For example, Claimant testified that J.B. gets in trouble in school because he is fidgety, can't stay still, and does whatever he wants. (R.53-54). In J.B.'s IEP evaluation, his teachers reported similar difficulty with task initiation, task completion, organization, sitting still, and paying attentions in the classroom. (R.303). The ALJ, however, ignored this corroborating evidence in disregarding Claimant and J.B.'s testimony while at the same time using their testimony or reports as determinative when it suited his purpose.
As another example, the ALJ found Claimant's testimony that J.B. had friends credible but did not find credible Claimant's testimony that J.B. had difficulty caring for himself and did not bathe or brush his teeth with prompts (R.24) and there is corroborating testimony from Claimant's boyfriend that J.B. will not shower or brush his teeth with being told to do so (R. 68) and testing for his IEP revealed that J.B. does not notice when his face and hands are dirty (R. 305). The ALJ does not address this contradiction and, therefore, failed to build an accurate and logical bridge between the evidence and his conclusions.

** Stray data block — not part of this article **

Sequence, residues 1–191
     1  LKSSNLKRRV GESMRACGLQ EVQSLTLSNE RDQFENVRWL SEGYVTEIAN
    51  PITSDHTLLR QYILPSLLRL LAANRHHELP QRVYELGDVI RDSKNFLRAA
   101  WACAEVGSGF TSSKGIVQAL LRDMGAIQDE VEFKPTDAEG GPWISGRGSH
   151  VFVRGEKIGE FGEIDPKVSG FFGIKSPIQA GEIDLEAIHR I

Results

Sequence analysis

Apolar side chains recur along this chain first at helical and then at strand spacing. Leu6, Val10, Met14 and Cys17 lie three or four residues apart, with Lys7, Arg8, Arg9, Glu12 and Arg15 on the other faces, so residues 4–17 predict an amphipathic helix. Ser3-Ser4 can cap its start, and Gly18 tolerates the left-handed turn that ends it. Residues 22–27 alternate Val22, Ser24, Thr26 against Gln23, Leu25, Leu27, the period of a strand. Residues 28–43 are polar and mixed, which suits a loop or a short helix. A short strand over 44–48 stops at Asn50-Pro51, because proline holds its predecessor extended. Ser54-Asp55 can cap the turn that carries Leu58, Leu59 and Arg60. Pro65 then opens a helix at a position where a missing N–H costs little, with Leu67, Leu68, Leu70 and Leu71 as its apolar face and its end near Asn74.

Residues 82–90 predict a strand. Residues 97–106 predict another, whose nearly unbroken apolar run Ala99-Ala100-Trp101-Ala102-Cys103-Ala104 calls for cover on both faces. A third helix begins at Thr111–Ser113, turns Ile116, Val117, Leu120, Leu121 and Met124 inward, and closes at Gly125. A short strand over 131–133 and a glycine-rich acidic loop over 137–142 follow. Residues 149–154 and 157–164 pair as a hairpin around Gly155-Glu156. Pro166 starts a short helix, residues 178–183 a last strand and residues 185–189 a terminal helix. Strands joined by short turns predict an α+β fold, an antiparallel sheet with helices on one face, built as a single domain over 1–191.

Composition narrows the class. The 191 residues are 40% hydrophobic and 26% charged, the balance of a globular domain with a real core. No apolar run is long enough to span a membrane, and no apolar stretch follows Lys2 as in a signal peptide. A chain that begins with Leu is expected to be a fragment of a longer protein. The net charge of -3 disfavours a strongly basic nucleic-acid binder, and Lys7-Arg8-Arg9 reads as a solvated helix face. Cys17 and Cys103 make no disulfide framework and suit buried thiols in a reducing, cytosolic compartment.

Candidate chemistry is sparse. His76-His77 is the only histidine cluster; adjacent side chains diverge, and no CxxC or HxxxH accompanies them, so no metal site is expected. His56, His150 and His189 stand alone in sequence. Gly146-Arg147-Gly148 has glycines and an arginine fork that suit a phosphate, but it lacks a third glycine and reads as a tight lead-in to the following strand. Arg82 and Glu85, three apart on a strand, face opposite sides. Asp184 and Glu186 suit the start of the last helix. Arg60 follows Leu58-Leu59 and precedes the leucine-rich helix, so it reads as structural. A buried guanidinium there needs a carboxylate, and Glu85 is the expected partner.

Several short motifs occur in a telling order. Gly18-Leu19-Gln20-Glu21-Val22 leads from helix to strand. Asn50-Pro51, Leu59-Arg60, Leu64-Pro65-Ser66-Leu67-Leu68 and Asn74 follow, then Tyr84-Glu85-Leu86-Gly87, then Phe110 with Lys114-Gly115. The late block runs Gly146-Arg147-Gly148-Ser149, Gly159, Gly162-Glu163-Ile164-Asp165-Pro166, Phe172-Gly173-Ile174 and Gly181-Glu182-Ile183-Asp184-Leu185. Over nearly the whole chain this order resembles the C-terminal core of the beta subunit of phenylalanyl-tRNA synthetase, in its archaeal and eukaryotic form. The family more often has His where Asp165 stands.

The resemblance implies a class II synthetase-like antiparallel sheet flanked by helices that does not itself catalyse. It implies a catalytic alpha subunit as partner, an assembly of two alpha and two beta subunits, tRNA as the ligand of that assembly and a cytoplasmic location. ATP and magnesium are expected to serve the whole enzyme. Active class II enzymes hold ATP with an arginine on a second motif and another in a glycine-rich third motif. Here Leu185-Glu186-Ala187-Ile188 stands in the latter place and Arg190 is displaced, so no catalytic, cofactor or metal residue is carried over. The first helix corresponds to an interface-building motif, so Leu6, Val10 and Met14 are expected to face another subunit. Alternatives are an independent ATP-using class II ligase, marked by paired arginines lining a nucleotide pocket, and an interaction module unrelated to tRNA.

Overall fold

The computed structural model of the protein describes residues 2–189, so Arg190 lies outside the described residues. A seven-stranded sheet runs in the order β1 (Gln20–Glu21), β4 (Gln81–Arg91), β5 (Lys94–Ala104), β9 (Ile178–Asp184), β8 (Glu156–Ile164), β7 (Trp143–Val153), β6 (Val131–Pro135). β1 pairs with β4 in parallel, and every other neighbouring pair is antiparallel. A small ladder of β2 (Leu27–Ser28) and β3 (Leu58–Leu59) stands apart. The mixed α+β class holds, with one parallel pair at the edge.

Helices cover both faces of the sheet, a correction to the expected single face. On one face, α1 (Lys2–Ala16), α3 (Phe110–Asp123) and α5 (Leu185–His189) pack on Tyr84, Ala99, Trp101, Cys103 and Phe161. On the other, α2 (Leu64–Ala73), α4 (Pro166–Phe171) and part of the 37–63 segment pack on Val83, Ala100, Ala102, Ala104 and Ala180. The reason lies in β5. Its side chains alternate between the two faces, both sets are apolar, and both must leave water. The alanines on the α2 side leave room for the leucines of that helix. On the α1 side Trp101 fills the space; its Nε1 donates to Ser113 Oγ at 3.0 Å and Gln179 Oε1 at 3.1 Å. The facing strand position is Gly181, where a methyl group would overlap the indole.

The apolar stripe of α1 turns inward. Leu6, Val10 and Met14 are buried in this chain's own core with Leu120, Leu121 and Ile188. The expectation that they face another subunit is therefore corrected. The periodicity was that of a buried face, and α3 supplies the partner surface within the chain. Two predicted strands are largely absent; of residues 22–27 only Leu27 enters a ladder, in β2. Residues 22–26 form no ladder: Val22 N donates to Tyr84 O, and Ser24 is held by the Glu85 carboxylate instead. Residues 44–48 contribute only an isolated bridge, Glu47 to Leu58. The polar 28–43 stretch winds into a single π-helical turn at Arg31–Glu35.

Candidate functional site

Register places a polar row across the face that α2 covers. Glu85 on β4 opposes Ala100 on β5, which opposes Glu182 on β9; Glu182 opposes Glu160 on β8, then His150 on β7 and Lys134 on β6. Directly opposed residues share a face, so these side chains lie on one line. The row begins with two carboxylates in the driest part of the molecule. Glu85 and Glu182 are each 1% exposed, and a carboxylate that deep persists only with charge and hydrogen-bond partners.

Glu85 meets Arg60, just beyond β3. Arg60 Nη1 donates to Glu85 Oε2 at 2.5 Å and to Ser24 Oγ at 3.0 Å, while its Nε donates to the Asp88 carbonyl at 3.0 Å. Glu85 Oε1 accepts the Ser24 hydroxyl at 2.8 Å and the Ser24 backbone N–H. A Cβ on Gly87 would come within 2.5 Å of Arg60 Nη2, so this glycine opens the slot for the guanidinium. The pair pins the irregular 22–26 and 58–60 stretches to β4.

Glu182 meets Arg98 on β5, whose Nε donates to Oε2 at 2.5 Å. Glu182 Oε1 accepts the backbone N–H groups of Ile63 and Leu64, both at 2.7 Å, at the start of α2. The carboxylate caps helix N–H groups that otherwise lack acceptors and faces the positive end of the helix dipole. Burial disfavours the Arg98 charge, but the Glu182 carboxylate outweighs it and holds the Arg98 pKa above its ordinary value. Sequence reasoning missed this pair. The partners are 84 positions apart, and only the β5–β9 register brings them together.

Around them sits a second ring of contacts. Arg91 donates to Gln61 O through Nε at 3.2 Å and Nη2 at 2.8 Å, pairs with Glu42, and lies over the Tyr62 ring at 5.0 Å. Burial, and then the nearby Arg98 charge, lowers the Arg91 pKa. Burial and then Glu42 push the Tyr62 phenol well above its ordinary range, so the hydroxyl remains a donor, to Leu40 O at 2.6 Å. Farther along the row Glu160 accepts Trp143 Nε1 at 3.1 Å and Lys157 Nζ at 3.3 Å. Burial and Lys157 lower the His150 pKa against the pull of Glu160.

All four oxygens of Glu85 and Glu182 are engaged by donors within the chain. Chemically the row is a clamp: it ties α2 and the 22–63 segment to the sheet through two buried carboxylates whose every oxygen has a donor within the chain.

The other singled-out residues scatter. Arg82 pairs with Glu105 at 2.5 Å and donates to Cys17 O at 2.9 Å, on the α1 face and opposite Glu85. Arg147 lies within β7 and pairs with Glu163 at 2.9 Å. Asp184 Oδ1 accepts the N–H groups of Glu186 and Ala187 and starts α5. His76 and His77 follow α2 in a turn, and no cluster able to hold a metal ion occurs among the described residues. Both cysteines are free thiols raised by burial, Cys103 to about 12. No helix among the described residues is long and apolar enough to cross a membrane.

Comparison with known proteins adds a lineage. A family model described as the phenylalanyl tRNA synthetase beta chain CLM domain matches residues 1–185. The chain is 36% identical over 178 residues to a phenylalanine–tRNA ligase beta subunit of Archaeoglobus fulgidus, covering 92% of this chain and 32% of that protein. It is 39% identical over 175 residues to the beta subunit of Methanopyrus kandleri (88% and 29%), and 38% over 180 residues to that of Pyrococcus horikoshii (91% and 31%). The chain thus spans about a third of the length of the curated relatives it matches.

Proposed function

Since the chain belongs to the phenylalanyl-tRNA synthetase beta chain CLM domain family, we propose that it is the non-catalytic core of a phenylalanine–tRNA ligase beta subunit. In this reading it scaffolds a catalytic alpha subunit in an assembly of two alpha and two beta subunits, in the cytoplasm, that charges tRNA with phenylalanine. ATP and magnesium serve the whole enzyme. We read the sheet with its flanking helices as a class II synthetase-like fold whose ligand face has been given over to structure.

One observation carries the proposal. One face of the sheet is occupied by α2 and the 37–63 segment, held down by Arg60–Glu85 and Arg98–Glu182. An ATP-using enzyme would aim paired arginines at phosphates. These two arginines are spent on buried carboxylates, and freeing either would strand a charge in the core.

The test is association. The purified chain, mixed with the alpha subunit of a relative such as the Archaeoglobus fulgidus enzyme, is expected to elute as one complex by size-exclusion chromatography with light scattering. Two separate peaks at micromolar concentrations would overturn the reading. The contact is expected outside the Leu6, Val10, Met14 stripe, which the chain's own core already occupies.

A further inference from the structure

The ALJ's failure to provide any rationale for why he believes some of Claimant's testimony but not other testimony prevents meaningful review of the ALJ's opinion and in particular his credibility analysis. Therefore, remand is required.
For the reasons set forth above, Claimant's motion for summary judgment [ECF 16] is granted, and the Commissioner's motion for summary judgment [ECF 26] is denied. This matter is remanded to the Social Security Administration for further proceedings consistent with the Court's Memorandum Opinion and Order.
It is so ordered.